IRS: illegal aliens can qualify for earned income tax credit

The earned income tax credit (EITC) is a refundable tax credit for qualifying low-income taxpayers, in effect a transfer of wealth to them from higher income taxpayers, an anti-poverty program built into the Internal Revenue Code. The EITC was originally enacted in 1975, and has been expanded several times since so that some qualifying low-income taxpayers with children can today get EITC benefits in the form of tax refunds exceeding $5,000.

To qualify for the EITC, taxpayers must provide valid Social Security numbers for themselves and their children. This requirement disqualifies non-citizens who are working in the U.S. in violation of U.S. immigration law. Undocumented aliens cannot obtain valid Social Security numbers.

But a little-known ruling, by obscure officials of the Internal Revenue Service (IRS) in the last year of the Clinton administration, opened the door to illegal aliens claiming and receiving EITC benefits.

On June 9, 2000, a “Chief Counsel Advice” was published in the name of “Mary Oppenheimer, Acting Assistant Chief Counsel (Employee Benefits)”, though it was signed by “Mark Schwimmer, Senior Technician Reviewer”. This document advises IRS employees that illegal aliens who are disqualified from receiving the EITC can retroactively receive EITC benefits for years worked without a valid Social Security number if, after receiving a valid Social Security number, they file an amended return for the previous years worked.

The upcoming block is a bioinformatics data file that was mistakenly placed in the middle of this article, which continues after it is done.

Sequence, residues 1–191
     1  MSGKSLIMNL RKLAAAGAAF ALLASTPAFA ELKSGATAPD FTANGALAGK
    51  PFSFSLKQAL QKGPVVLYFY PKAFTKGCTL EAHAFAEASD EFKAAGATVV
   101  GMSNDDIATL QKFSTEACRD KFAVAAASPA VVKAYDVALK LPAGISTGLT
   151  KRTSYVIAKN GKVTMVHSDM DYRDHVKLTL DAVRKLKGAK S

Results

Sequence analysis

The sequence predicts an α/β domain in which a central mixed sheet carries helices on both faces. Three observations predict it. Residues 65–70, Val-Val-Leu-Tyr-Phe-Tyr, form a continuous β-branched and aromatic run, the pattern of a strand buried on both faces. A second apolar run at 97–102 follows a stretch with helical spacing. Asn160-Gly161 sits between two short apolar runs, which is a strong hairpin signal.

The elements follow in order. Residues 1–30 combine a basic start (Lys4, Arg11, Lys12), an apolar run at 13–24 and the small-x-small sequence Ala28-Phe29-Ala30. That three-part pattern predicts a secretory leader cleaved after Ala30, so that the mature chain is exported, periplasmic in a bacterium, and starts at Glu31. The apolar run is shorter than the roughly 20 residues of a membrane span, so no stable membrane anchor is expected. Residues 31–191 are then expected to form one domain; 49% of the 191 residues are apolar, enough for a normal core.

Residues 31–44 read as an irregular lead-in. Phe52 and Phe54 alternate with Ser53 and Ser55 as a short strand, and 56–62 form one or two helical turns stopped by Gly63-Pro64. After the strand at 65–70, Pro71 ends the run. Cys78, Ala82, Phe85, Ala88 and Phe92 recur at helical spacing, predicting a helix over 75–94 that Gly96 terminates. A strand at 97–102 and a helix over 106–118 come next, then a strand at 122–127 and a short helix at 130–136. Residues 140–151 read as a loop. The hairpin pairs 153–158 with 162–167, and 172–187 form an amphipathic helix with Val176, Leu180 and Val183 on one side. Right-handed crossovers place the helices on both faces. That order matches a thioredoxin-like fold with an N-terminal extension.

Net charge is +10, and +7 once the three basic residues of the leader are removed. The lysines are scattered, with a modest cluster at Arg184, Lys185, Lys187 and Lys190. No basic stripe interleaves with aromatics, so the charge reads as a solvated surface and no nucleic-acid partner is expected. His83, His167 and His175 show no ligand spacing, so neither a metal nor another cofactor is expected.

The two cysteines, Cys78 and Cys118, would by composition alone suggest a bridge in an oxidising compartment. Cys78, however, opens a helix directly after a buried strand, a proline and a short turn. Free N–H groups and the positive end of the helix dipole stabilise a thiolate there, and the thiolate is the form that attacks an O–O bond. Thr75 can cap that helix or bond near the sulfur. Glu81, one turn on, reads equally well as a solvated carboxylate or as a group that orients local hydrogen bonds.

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Thus, illegal aliens who obtain legal work authorization, either by qualifying for a work visa or by dispensation granted by Congress or the immigration authorities, and who then obtain a valid Social Security number, can claim the EITC for previous years worked without a Social Security number as long as such claims are not barred by a statute of limitations, generally within three years.

The document does state that, “Chief Counsel Advice is not binding on Examination or Appeals and is not a final case determination. This document is not to be cited as precedent.” But if you are advising taxpayers described in this document, who previously worked illegally but now have work authorization, a published IRS document like this constitutes sufficient authority for filing an amended tax return to claim the EITC for the previous years.

On the other hand, if you are a taxpayer who objects to your taxes being used to subsidize EITC benefits for illegal aliens working in violation of U.S. immigration law, you should send this information to your U.S. Senators and Representative in Congress, and tell them this ruling is in clear conflict with both the language and the intent of the Internal Revenue Code that the EITC should not be paid to anyone working without a Social Security number.

Here is the document:

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